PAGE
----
Invertebrate fungi refer to a group of fungi that occur on invertebrate hosts, including the entomopathogenic fungi that invade the bodies of invertebrate animals and use them for nutrition and finally cause death of their hosts. The first observation of an insect disease probably dates back to a muscardine silkworms infected by Beauveria bassiana in Japan or a dead lepidopteran larva infected by Cordyceps sinesis in China (Gray 1858). Since early times, people started to make use of these fungi-infecting insects, eating their fruiting bodies, curing wounds, sore throats, toothache, abscesses and extracting a pigment for tattooing (Samson et al. 1988). However, the relationships between fungi and insects were confused, for example, people considered Cordyceps sinesis as a plant-animals which could mutate into a vegetable, and from vegetable to animals (Cooke 1892). With an increasing records of insect disease being discovered in natural areas, such as a dead wasp infected with Cordyceps sphecocephala and a dead weevil infected with Cordyceps sp. (Steinhaus 1956) were collected from Cuba and South America (Cooke 1892), respectively. Pioneer scientist’s curiosity was triggered as to how the pathogenic fungi become connected with their hosts. Different hypothesis were proposed to explain the fungus-insect associations, such as the germ theory of disease (Steinhaus 1956) and the theory of ingesting fungal spores during insects feeding (Gray 1858, Cooke 1892). Roberts and Humber (1984) pointed out that most entomopathogenic fungi invade insects by penetrating their cuticle and less infections were due to ingestion. The later part 19th century witnessed the activity towards the taxonomy of entomopathogenic fungi with most significant contributions from mycologists Thaxter (1888) on the Entomophthorales and Kobayasi (1941), Petch (1931, 1937), Mains (1948), Samson & Evans (1973) on monographs of cordyceps.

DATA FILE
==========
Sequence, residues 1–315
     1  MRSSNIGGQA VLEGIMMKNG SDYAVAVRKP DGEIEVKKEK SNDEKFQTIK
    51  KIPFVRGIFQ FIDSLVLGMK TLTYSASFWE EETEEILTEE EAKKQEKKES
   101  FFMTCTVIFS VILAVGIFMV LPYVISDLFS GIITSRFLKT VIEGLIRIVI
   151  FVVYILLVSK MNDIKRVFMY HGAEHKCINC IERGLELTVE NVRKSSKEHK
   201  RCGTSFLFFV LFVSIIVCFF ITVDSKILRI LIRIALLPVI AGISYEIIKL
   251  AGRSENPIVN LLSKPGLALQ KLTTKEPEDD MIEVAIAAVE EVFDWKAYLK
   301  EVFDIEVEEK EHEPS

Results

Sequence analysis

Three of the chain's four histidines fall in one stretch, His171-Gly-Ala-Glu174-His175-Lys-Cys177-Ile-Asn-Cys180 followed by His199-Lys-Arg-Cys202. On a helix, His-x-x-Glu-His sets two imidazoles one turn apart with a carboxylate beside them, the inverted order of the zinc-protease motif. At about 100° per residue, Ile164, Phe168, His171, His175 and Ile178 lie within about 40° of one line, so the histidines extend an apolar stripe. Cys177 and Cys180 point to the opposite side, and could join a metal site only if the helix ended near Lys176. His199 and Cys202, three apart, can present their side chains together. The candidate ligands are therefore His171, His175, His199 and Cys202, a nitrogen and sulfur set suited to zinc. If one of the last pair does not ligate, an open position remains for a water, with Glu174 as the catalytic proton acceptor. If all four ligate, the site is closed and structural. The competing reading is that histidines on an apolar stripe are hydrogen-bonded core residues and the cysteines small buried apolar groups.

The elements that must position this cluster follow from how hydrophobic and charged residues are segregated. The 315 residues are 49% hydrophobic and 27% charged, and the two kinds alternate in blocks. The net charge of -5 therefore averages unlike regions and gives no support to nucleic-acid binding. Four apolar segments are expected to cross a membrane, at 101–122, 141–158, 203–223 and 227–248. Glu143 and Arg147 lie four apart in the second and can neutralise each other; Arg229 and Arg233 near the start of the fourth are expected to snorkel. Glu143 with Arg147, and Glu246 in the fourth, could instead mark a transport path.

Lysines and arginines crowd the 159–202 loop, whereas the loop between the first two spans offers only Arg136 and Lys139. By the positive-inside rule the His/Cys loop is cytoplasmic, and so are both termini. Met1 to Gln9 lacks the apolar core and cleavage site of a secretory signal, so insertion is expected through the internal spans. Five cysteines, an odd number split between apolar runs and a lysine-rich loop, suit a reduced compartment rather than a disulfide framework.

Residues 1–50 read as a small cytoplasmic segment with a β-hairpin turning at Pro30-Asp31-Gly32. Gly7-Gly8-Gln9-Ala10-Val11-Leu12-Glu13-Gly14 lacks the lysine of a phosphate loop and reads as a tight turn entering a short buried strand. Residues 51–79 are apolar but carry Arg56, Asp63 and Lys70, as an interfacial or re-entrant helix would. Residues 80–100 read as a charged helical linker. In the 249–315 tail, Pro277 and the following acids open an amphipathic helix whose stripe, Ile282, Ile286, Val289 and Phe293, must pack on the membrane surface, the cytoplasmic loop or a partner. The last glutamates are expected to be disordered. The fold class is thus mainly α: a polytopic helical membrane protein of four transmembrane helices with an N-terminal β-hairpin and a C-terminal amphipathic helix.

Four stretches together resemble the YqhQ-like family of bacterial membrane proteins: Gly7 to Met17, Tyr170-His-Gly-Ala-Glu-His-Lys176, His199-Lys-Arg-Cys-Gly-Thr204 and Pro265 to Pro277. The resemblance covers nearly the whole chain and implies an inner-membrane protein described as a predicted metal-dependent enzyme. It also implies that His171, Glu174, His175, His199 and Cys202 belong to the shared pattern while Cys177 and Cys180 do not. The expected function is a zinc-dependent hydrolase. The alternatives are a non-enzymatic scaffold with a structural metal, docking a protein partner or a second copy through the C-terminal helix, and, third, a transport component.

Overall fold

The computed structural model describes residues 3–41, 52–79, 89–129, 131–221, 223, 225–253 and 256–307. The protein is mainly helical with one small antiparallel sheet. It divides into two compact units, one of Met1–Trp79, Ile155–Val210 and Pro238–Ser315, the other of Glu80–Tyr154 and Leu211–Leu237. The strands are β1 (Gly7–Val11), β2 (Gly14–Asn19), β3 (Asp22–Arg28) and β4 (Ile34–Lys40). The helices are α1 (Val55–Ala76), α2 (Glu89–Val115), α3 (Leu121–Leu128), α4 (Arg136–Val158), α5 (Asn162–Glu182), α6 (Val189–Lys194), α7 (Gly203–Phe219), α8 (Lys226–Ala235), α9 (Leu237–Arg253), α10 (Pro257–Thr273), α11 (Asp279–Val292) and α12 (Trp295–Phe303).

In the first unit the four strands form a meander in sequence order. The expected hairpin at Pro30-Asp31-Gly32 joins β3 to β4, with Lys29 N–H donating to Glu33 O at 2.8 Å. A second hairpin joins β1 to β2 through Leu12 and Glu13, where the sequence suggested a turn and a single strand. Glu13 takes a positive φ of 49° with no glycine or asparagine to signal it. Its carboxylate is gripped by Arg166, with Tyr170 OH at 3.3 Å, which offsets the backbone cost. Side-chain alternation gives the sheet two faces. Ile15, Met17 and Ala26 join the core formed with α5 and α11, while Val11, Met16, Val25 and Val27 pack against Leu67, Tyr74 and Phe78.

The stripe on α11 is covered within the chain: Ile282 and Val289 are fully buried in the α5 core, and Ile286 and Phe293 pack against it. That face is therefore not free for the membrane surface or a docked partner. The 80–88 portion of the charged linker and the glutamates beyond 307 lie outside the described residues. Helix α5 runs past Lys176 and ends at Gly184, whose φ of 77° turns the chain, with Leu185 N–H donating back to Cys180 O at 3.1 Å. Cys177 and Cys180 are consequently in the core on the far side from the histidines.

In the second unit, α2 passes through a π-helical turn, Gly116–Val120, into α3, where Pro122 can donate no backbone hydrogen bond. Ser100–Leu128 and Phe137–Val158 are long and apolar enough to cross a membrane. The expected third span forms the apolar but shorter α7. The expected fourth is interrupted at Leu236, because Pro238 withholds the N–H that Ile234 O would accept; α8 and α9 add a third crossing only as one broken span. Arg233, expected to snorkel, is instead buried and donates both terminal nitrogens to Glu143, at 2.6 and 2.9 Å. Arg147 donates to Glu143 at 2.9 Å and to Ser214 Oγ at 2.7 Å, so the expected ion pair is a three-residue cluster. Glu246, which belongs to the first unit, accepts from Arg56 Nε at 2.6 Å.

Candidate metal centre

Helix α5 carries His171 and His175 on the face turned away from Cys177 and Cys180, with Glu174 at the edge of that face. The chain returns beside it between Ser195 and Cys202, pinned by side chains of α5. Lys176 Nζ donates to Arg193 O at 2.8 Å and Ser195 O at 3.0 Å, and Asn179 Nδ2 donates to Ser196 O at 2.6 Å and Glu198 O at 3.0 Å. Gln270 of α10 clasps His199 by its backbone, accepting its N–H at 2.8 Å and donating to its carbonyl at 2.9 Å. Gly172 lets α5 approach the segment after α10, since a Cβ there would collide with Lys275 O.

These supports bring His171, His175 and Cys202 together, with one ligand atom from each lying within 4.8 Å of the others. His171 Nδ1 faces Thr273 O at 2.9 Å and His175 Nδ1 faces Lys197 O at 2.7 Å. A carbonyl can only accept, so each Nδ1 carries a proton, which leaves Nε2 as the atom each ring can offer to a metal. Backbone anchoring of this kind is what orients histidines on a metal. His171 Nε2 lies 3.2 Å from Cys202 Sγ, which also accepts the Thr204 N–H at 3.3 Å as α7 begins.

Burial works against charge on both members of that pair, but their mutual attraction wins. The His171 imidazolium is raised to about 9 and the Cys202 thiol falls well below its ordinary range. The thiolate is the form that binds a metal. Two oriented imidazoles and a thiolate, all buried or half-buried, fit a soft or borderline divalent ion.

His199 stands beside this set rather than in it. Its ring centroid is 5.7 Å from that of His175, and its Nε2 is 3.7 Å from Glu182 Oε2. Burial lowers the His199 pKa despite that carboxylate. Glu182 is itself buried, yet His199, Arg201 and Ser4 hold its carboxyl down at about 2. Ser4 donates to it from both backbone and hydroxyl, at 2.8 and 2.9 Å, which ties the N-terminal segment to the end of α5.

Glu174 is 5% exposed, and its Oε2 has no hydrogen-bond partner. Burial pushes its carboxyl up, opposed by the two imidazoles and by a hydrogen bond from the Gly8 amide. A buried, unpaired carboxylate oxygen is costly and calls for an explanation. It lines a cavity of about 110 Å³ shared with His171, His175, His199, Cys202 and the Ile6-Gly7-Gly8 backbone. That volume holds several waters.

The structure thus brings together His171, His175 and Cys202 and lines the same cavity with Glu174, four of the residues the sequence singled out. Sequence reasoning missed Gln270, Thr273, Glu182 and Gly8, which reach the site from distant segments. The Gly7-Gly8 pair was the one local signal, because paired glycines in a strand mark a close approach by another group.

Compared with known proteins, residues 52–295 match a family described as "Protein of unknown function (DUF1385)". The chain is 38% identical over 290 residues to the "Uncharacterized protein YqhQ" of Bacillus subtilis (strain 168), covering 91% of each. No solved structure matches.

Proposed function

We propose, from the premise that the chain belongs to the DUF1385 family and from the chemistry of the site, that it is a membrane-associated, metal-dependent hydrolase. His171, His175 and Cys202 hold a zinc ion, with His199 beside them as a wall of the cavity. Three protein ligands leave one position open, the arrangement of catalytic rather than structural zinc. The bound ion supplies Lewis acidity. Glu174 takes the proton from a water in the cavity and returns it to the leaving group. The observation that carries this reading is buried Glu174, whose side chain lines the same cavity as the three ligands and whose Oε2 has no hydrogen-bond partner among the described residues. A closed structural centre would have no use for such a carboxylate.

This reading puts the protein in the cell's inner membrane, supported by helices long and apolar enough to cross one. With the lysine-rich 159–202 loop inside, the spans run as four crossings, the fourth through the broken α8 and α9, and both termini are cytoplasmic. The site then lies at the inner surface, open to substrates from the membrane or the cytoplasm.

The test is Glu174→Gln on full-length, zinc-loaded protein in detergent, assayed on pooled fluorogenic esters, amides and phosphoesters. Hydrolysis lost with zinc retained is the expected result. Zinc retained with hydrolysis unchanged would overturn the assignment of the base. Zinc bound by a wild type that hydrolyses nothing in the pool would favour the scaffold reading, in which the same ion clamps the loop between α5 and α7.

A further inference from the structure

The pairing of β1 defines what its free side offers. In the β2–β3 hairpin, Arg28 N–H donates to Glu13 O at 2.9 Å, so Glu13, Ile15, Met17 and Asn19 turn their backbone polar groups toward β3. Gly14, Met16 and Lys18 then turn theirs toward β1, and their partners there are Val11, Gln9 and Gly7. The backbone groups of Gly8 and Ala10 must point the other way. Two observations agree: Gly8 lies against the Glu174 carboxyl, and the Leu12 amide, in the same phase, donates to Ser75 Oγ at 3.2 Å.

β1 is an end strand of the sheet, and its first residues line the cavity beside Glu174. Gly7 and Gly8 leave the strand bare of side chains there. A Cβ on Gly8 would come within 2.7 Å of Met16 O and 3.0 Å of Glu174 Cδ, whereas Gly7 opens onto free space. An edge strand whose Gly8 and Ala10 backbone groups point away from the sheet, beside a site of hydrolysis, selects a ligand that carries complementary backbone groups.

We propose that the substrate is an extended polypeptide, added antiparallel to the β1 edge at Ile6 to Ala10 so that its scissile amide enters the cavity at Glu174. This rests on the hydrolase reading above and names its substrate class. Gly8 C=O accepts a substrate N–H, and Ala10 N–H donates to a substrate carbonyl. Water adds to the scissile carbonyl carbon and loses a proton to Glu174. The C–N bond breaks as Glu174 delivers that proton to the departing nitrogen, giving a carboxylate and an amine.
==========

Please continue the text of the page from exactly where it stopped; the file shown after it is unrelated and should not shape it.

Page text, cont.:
Entomopathogenic fungi are essential players in the maintenance of ecosystem health through forming intimate interactions with other organisms (Vega & Blackwell 2005, Braga-Neto et al. 2008). An advanced progress have been made to taxonomy and phylogeny of invertebrate-associated fungi with different lifestyles, such as entomopathogenic fungi on arthropod hosts (e. g. Cordyceps, Ophiocordyceps and Simplicillium) (Xiao et al. 2018, 2019, Wei et al. 2019, Hyde et al. 2020a) and entoparasitic fungi on micro-invertebrates (e. g. Drechmeria, Harposporium, Rotiferophthora) (Barron 1890, Barron 1991, Spatafora et al. 2015). Apart from the aforementioned invertebrate-associated fungi, some fungi prefer to dwell in the tissue or certain organ of the invertebrate hosts, such as Lagenidium callinectes (Oomycota) on muscle tissues of Penaeus monodon (shrimp) (Selvi et al. 2019, Lau et al. 2020), Metarhizium libelullae in blood of Libelulla quadrimaculata (dragonfly) (Sorokin 1883), Microsporidia in guts of bees and chytrids in ova of mosquitoes (Araújo et al. 2016). The entomopathogenic taxa not only occupy diversiform ecological niches on their hosts, but are also widely distributed in various habitats, crossing terrestrial to aquatic environment. Notably, fungal communities are distinct in different environment. It is likely that the basal fungi within phyla Microsporidia and Zygomycota as well as fungi-like organisms within Oomycota were typically found on aquatic invertebrate hosts, while terrestrial arthropod hosts were susceptible to entomopathogenic fungi in phyla Ascomycota and Entomophthoromycota. (Höhnk &Vallin 1953, Pohlad & Bernard 1978, Sung et al. 2007, Araújo et al. 2016, Mora et al. 2017, Mandava 2019)